There arose the need, therefore, to ascertain the limits of the applicability of the axiomatic method as a means by which the nature of mathematical notions can be investigated. In this respect the concept of model has proved very fruitful and a general theory of models or structures determined by sets of axioms has been developed. In these investigations general algebraic notions are applied, and thus what is called the algebraisation of logic has been initiated. Finally, models themselves were conceived as some kind of algebraic entities and incorporated into modern abstract algebra to be investigated by methods appropriate to this branch of mathematics. The research on models led to unexpected results and established for the second time a close connection between logic and algebra. It applies both ways. On the one hand problems concerning formal structures (deductive theories) can be formulated as algebraical problems to be dealt with by algebraic methods (algebraic logic); on the other, some general algebraic results can be obtained from studies in the theory of models (logical algebra). This idea was compared with Descartes’ discovery of analytical geometry. In algebraic logic and logical algebra the correspondence between certain entities of abstract algebra and classes of all models of a certain kind takes the place of the relation between points and numbers in analytical geometry.
Algebraisation of logic is not by any means a trend restricted to Poland, although its inspiration was native. Its origin goes back to Tarski’s calculus of systems and has been closely connected with the investigations on Gödel’s completeness theorem, which has become the subject of numerous studies (łoś, Rasiowa, Sikorski, Reichbach).
Within the theory of axiomatic systems the investigations on many-valued logics have undergone a radical change. The discovery of many-valued logics was made on the ground of philosophical considerations and they also guided Łukasiewicz’s later research in this field. It was done by the matrix method, by which the number of truth-values and the manner for establishing values of compound sentences were fixed. On this basis the deduction of logical theorems was undertaken. It was discovered, however, that matrices constitute a special case of models, determined by a peculiar type of axioms, which might be represented in the form of algebraic systems. Thus the so-called non-classical calculi have been absorbed by algebra to be studied by algebraic methods (Mostowski, Rasiowa and Sikorski).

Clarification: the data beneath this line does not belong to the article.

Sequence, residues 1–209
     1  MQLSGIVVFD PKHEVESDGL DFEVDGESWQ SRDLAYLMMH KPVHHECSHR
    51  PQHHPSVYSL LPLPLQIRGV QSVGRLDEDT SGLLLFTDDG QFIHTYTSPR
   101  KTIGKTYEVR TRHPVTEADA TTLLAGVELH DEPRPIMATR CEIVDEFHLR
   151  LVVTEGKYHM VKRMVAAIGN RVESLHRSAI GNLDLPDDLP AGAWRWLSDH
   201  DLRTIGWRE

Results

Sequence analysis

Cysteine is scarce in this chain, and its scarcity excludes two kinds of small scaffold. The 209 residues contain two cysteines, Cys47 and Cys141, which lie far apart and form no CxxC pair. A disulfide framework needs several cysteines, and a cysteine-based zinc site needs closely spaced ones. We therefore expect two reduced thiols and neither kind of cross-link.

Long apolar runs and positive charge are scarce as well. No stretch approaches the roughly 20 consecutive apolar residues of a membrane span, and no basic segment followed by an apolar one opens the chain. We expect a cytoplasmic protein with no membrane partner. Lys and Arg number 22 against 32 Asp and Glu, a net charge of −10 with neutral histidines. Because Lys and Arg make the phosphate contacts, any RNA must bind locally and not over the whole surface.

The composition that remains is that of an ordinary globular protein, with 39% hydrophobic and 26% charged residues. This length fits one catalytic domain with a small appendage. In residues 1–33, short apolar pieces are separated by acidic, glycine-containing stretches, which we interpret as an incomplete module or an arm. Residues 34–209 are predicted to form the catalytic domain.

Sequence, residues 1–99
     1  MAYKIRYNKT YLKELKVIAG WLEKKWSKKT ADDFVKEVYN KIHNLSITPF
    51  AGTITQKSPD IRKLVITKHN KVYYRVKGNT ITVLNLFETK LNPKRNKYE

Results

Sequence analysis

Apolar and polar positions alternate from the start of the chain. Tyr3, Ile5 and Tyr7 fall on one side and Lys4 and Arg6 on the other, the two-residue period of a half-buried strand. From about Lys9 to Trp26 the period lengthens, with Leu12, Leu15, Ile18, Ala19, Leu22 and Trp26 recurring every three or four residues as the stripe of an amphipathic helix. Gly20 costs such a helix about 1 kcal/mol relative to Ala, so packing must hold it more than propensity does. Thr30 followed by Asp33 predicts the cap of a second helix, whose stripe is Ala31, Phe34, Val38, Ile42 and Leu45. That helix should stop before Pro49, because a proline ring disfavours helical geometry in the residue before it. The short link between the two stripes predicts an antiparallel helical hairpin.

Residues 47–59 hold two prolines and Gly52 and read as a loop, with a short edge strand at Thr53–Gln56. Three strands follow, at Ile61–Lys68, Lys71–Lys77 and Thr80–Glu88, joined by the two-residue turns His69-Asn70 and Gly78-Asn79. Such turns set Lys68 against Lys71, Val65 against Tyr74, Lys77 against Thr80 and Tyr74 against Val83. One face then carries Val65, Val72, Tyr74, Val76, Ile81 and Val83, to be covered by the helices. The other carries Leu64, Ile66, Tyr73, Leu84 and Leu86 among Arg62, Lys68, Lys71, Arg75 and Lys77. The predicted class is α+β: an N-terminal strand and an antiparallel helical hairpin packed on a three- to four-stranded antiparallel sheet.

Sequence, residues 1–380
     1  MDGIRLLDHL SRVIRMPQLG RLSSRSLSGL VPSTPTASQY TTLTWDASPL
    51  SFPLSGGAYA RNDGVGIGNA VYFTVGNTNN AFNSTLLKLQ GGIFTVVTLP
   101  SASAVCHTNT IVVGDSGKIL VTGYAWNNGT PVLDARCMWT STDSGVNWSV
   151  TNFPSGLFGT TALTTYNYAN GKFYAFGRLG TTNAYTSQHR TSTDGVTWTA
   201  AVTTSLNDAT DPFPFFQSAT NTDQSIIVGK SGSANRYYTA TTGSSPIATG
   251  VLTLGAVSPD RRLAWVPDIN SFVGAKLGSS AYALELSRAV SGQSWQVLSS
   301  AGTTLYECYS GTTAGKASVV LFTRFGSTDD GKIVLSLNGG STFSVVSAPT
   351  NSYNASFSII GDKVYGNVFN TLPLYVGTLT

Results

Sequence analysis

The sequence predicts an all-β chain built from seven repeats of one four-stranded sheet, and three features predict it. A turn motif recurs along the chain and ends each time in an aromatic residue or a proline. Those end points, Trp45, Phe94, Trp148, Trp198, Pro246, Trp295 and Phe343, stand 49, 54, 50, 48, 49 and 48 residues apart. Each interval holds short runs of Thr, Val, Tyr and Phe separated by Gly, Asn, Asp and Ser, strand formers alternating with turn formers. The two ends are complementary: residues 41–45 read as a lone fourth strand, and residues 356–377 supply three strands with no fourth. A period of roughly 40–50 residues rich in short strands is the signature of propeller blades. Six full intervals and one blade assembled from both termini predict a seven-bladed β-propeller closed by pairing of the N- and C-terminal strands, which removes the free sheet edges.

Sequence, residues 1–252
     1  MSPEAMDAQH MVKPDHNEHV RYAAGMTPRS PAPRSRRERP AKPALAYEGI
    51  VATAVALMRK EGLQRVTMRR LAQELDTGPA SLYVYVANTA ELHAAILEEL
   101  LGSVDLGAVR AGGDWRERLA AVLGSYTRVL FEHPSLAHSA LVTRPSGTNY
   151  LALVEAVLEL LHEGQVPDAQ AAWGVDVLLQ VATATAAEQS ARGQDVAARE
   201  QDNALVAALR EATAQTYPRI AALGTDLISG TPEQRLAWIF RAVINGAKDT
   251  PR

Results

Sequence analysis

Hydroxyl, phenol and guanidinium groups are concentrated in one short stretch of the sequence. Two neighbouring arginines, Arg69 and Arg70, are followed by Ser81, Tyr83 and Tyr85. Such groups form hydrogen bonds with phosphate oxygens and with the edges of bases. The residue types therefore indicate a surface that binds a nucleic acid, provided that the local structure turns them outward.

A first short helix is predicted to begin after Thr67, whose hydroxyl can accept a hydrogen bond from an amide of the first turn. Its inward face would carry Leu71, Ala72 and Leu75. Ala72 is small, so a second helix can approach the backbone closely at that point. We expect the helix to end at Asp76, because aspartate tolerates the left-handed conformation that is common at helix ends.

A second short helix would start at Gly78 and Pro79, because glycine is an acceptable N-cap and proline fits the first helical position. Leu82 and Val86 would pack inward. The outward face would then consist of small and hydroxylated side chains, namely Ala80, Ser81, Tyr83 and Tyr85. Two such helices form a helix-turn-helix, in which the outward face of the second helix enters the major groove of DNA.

The second main line along which the problems of clarifying the nature of mathematical notions is approached is the constructivist trend. It is free from the philosophical assumptions of Brouwer’s intuitionism, and it is not associated with the revision of logic by bestowing a different meaning on the logical constants from that usually accepted. The constructivist trend is bound up with the problem of decision, i.e. with the method of effectively deciding whether a given sentence is a theorem or not, and with the efforts to distinguish constructive and non-constructive mathematical entities. The relevance of this distinction to the foundation problem of mathematics is obvious. On the other hand, the question how far the constructivist programme can be carried out and whether the classical results can be obtained in constructive mathematics, has an inherent interest. The theory of recursive functions constitutes the main development line of constructive mathematics. A particular field of application of this theory is the so-called computable analysis, studied by Grzegorczyk, Mazur and Mostowski.